}

void loop () {
  byte i = 0;
  byte val = 0;
  byte master[6];
  byte checksum = 0;
  byte bytesread = 0;
  byte tempbyte = 0;

  if(mySerial.available() > 0) {
    if((val = mySerial.read()) == 2) {                  // check for header
      bytesread = 0;
      while (bytesread < 12) {                        // read 10 digit master + 2 digit checksum
        if( mySerial.available() > 0) {
          val = mySerial.read();
          if((val == 0x0D)||(val == 0x0A)||(val == 0x03)||(val == 0x02)) { // if header or stop bytes before the 10 digit reading
            break;                                    // stop reading
          }

          // Do Ascii/Hex conversion:
          if ((val >= '0') && (val <= '9')) {
            val = val - '0';
          } else if ((val >= 'A') && (val <= 'F')) {
            val = 10 + val - 'A';
          }

          // Every two hex-digits, add byte to master:
          if (bytesread & 1 == 1) {
            // make some space for this hex-digit by
            // shifting the previous hex-digit with 4 bits to the left:
            master[bytesread >> 1] = (val | (tempbyte << 4));

            if (bytesread >> 1 != 5) {                // If we're at the checksum byte,
              checksum ^= master[bytesread >> 1];       // Calculate the checksum... (XOR)
            };
          } else {
            tempbyte = val;                           // Store the first hex digit first...
          };

          bytesread++;                                // ready to read next digit
        }
      }
      //do something else perhaps wait for other data.
     
      if (bytesread == 12) {                          // if 12 digit read is complete
        Serial.println();
        Serial.print("5-byte master: ");
       
        for (i=0; i<5; i++) {
          if (master[i] < 16)
            Serial.print("0");
          byte master1 = master[i];
          Serial.print(master[i], HEX);              //Prints the Tag of the Card read
          Serial.print(" ");
        }
        for (int n=0; n<ARR_LEN; n++){               //Checks each ID Tag in the Array
       
if(memcmp(master, target_tag[n], TAG_LEN) == 0 )  //Compares two bytes of TAG_LEN, if they are a match, the argument will be 0, thus 0 == 0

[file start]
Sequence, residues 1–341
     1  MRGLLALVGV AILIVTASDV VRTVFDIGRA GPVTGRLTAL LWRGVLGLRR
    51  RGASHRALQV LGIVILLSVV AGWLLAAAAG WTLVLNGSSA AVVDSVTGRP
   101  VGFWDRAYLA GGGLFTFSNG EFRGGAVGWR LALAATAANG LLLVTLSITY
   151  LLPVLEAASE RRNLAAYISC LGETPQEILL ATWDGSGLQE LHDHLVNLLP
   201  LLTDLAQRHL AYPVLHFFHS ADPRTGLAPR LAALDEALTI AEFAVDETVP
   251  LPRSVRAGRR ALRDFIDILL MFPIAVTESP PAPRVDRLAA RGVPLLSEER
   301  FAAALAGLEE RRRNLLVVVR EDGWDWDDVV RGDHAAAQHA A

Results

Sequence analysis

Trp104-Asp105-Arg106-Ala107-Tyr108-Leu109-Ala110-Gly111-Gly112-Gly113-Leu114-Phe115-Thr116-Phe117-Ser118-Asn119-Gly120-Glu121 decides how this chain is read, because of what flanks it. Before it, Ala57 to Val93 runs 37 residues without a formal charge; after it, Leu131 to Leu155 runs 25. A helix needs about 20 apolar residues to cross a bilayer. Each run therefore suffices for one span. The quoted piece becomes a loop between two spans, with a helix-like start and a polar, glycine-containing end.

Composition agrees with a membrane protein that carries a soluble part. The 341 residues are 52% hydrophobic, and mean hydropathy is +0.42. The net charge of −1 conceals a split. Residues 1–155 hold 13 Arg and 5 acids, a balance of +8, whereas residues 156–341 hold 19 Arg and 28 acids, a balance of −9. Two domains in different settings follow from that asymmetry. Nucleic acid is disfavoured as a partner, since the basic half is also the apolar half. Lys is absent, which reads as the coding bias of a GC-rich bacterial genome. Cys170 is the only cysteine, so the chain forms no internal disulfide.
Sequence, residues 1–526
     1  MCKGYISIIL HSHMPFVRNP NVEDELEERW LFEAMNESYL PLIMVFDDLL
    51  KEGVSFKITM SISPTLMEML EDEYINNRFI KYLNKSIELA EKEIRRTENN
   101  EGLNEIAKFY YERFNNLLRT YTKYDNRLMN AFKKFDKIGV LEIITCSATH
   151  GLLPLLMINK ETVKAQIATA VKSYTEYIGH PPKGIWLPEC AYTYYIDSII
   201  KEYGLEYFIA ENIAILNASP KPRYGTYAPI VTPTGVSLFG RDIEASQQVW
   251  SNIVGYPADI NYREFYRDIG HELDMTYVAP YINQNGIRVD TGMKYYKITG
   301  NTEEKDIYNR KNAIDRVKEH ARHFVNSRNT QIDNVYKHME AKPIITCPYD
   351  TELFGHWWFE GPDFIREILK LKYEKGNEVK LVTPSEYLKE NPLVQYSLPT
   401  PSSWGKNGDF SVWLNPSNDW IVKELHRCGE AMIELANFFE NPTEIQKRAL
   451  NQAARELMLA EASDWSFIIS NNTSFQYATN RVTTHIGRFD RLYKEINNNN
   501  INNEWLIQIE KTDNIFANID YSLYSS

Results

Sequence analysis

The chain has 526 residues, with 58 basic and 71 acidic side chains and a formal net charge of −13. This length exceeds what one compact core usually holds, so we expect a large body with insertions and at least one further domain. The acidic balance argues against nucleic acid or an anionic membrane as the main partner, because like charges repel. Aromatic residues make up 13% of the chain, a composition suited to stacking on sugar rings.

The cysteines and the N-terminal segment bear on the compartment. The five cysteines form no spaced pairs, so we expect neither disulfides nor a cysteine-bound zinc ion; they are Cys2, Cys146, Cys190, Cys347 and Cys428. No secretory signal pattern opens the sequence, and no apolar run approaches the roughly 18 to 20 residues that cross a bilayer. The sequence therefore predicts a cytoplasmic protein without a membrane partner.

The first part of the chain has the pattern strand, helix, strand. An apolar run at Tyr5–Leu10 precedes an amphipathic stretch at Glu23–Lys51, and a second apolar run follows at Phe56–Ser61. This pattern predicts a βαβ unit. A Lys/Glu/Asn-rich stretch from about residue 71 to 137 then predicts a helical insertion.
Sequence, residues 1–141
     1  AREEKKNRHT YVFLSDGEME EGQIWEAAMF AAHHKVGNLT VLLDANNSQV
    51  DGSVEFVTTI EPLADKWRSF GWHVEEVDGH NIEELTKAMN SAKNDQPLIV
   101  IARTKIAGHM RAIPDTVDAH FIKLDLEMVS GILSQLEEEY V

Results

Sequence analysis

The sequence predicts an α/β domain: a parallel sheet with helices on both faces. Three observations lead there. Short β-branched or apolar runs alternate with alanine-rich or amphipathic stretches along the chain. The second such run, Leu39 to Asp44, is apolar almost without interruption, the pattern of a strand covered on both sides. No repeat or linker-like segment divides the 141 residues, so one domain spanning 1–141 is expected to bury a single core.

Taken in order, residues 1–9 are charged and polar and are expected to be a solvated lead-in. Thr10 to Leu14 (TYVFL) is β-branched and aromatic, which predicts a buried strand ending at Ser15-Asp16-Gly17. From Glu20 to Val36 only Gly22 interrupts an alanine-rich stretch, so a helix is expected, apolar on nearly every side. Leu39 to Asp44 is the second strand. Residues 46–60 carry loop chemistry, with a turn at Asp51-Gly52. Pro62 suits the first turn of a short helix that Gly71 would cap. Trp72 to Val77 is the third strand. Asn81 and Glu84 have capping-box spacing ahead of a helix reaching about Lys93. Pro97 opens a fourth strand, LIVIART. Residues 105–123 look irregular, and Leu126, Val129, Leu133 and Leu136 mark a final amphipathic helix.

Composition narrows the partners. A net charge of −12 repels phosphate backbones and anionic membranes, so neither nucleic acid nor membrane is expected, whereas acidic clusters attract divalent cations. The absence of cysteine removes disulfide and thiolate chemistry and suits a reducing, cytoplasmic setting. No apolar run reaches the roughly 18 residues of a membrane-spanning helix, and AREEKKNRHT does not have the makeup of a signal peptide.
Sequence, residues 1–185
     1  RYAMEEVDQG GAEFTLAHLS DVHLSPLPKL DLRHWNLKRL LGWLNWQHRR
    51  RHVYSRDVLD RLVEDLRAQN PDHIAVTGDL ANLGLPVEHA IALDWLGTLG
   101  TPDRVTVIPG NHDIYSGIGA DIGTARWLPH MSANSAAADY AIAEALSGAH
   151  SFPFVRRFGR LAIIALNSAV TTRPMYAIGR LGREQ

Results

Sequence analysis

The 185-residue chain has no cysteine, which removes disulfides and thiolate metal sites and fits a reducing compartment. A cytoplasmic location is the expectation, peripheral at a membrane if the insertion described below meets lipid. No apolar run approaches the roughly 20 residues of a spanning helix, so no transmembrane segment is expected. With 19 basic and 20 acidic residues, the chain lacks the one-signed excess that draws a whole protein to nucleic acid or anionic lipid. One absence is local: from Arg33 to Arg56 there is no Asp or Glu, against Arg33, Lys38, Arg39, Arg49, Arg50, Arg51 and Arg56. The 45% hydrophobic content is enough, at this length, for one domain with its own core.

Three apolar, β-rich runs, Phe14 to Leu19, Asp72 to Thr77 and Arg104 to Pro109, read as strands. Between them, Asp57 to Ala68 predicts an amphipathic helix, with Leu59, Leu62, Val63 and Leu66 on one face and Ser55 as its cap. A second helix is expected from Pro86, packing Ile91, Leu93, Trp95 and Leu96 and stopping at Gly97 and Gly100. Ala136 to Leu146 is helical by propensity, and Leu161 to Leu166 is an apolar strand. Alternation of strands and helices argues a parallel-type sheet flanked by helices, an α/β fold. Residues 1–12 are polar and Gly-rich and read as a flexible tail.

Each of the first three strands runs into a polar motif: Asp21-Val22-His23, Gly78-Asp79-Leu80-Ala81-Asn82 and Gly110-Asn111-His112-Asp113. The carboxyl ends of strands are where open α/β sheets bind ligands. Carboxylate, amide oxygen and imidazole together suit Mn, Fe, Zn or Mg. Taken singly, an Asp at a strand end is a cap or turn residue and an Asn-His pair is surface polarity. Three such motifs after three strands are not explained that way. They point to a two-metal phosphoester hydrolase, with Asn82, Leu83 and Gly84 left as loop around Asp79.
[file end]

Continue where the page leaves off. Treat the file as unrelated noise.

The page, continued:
{
            Serial.println();
            Serial.println("This Card is a Match!");
            Serial.println();
  }
        else
            {     
              Serial.println("This Card is NOT a Match!");
            }
       }
    }
      bytesread = 0;
      Serial.flush();
    }
  }
}

};

Hope this helps in deciphering the two-time repetition of the "This Card is NOT a Match!" statement.
28  Using Arduino / Programming Questions / Re: RFID Tag Compare on: September 03, 2012, 10:15:23 pm
I have another question, similarly relating to this.

I want the program to print out when the card validates, and also when the card doesnt validate. Ive tried this:

Code:
if(memcmp(master, target_tag[n], TAG_LEN) == 0 )  //Compares two bytes of TAG_LEN, if they are a match, the argument will be 0, thus 0 == 0
  {
            Serial.println("This Card is a Match!");
  }
        else if(memcmp(master, target_tag[n], TAG_LEN) != 0)
            {     
              Serial.println("This Card is NOT a Match!");
            }

If it validates, it outputs once. If it doesnt validate, it outputs twice- for each tag it reads in.

What I want it to do is compare vs both tags, and then if it validates, great, output once - like its already doing. If not, output ONCE as well. Any suggestions of how to get that to work?
29  Using Arduino / Networking, Protocols, and Devices / Re: Arduino Fio to RFID ID-12 on: September 01, 2012, 10:06:29 pm
Your ID-12 requires 5V, as does the level shifter, so you will need the DC/DC converter if you want to use them with a 3.3V power source.

Thats what I thought. Thanks.
30  Using Arduino / Networking, Protocols, and Devices / Arduino Fio to RFID ID-12 on: August 31, 2012, 08:52:23 pm
Hello,

Can someone verify my diagram of connecting the Arduino Fio with an ID-12 RFID Reader? I figured that using a Logic Level Converter is the proper way to do it, but Im not sure if I should have a DC-DC step up board between the two to provide power to the ID-12 or if the LLC can step up the voltage as well.